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Additional Guidance Issued on the Military Lending Rule

December 20, 2017
Joseph D. Simon
Garden City

The U.S. Department of Defense (“DOD”) has issued additional compliance guidance for lenders with respect to the Military Lending Act (“MLA”), the law that imposes certain limitations and requirements on consumer loans to active-duty service members and their dependents. The additional guidance addresses certain questions the DOD has received regarding the MLA.


The MLA is implemented by a regulation issued by the DOD. That regulation was amended in 2016 primarily to extend the protections of the MLA to a broader range of closed-end and open-end credit products, to help creditors identify covered persons, and to modify the disclosures to be provided to covered borrowers.

The covered products include those aligned with the definition of “consumer credit” under the Truth in Lending Act and its implementing Regulation Z. As a result, the amended MLA applies to all forms of vehicle title loans, installment loans, unsecured open-end lines of credit, payday loans, refund anticipation loans, credit cards, deposit advance loans and overdraft lines of credit (but excludes demand deposit account overdraft protection services). The MLA still exempts residential mortgages and purchase-money vehicle-secured loans. 

A covered borrower is a member of the armed forces who is serving (1) active duty as a member of the U.S. military, Coast Guard, or National Guard, under a call or order that does not specify a period of thirty days or fewer, or (2) Active Guard and Reserve duty.  A covered creditor must verify whether the consumer is a “covered borrower” at the time the consumer becomes obligated on a consumer credit transaction or establishes an account for consumer credit. Creditors are granted a safe harbor in identifying a covered borrower if they use either the MLA database (maintained by the Defense Manpower Data Center under the DOD) or consumer reports from a nationwide consumer credit reporting agency.

The MLA requires a covered creditor to provide: (1) a statement of the Military Annual Percentage Rate (“MAPR”) applicable to the extension of consumer credit, (2) any disclosures required by Regulation Z, and (3) a clear description of the payment obligation of the covered borrower.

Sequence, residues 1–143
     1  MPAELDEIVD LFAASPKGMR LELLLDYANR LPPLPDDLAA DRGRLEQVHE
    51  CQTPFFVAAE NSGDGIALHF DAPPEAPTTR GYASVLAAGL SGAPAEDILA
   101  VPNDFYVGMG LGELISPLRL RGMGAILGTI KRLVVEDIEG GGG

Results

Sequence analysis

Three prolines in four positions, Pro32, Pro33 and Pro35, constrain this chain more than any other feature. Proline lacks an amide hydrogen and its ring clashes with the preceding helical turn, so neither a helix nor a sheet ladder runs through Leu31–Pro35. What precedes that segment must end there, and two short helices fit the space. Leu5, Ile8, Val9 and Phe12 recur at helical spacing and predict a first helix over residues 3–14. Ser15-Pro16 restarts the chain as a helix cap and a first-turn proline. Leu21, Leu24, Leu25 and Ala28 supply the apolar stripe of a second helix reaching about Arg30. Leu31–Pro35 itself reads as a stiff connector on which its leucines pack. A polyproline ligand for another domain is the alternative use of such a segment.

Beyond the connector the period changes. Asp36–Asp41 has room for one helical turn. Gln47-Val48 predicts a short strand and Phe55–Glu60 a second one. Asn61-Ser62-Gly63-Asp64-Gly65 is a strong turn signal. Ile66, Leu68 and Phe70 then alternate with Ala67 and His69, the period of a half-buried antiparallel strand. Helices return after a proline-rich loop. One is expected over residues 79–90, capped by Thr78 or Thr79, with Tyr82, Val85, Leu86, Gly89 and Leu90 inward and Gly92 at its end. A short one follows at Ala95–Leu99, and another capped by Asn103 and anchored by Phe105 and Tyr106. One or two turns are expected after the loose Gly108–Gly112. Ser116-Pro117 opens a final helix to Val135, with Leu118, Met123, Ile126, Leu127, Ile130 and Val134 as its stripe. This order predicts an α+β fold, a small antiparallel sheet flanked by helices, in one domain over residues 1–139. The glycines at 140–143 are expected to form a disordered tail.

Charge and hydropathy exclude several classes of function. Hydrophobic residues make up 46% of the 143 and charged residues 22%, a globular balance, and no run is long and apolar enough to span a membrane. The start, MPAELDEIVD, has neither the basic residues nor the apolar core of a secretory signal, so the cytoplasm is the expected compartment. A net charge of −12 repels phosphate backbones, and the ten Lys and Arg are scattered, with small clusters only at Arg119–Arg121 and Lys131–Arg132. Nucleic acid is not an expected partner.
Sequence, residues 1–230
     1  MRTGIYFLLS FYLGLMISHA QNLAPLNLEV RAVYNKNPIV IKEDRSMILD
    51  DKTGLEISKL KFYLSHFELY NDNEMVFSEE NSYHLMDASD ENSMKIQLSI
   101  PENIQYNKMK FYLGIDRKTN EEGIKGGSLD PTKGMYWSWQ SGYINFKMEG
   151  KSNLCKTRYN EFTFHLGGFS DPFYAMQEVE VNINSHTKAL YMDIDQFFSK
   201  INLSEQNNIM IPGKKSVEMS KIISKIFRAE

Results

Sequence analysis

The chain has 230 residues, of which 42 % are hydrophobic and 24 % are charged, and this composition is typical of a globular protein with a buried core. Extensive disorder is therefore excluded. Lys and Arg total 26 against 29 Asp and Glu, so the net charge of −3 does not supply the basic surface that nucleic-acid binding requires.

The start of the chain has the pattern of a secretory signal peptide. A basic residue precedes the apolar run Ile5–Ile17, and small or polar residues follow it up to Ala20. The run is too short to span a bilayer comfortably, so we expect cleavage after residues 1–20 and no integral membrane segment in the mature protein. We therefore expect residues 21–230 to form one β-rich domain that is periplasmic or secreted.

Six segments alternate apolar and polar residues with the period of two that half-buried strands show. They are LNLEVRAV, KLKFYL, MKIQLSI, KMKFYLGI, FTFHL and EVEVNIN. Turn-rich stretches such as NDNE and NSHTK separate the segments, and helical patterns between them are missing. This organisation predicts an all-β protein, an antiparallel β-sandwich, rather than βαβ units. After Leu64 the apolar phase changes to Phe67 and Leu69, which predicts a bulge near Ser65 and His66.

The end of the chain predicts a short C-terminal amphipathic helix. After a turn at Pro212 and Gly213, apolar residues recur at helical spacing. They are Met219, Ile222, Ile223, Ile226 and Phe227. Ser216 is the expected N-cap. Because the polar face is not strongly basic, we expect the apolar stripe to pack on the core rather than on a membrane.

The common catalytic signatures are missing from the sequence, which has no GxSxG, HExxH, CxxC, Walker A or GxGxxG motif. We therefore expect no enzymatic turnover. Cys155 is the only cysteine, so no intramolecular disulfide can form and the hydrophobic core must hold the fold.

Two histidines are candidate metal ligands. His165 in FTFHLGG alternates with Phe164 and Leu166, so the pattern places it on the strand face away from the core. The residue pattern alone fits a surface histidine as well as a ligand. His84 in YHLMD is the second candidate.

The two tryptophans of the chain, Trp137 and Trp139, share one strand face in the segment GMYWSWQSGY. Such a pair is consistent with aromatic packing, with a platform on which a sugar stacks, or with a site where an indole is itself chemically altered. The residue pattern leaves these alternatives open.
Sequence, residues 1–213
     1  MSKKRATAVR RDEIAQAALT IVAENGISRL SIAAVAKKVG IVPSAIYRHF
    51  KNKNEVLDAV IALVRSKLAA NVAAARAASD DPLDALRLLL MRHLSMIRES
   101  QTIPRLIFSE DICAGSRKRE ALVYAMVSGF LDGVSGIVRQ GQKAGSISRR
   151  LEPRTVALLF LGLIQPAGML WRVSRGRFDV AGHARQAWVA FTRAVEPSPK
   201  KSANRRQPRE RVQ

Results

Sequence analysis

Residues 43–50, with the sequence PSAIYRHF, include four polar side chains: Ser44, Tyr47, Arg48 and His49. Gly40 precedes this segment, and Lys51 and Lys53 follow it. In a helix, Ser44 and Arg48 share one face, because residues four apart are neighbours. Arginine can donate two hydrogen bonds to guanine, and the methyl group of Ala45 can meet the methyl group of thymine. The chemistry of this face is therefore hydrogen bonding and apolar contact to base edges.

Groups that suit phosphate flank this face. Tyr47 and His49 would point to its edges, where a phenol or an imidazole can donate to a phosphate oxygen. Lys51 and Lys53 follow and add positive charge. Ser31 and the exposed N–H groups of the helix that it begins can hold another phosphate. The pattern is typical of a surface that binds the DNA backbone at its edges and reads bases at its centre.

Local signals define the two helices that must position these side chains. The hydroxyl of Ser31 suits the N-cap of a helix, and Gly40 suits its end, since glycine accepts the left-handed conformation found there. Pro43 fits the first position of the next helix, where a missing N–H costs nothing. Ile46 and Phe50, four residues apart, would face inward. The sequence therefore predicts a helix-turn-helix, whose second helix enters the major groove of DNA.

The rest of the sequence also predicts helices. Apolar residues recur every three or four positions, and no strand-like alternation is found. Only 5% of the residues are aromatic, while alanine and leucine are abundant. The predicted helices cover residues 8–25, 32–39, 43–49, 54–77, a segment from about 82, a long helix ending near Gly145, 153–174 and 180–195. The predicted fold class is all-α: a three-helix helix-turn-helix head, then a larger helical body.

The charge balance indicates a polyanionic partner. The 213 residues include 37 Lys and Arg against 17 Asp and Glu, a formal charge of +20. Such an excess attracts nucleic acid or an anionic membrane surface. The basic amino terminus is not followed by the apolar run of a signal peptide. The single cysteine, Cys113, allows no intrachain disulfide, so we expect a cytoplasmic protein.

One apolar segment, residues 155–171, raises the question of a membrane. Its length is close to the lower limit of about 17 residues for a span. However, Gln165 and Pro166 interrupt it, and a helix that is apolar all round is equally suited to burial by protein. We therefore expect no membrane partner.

Under the MLA, covered credit transactions are capped at a 36% MAPR. The MAPR is generally calculated the same way as the Annual Percentage Rate (“APR”) is calculated under Regulation Z, but it also includes certain fees and charges including credit default insurance, debt suspension plans, credit insurance premiums, debt cancellation fees, and certain application and annual fees. 

MLA Interpretive Rule

On August 26, 2016, the DOD issued an interpretive rule (the “Interpretive Rule”) in the form of questions and answers (“Q&As”) providing guidance on the DOD’s regulation implementing the MLA. Some of the major clarifications made in the Q&As include the following:

Amendment to the MLA Interpretive Rule

The DOD has now issued an amendment to the Interpretive Rule which took effect on December 14, 2017. The amendment provides additional guidance as follows:

 For purchase of a motor vehicle or personal property under circumstances where the creditor simultaneously extends credit in an amount greater than the purchase price of the motor vehicle or personal property, the exemption from the MLA is available if the purpose of the credit beyond the purchase price of the motor vehicle or personal property is to finance costs related to the object securing the credit (e.g., an extended warranty or optional leather seats in that vehicle).

Further Information

The MLA Interpretive Rule can be found here, and its recent amendment is available here. If you have any questions regarding the MLA Interpretive Rule, its Amendment or the MLA in general, please feel free to contact Joseph D. Simon at (516) 357-3710 or via email at, Kevin Patterson at (516) 296-9196 or via email at, or Mandy Xu at (516) 357-380 or via email at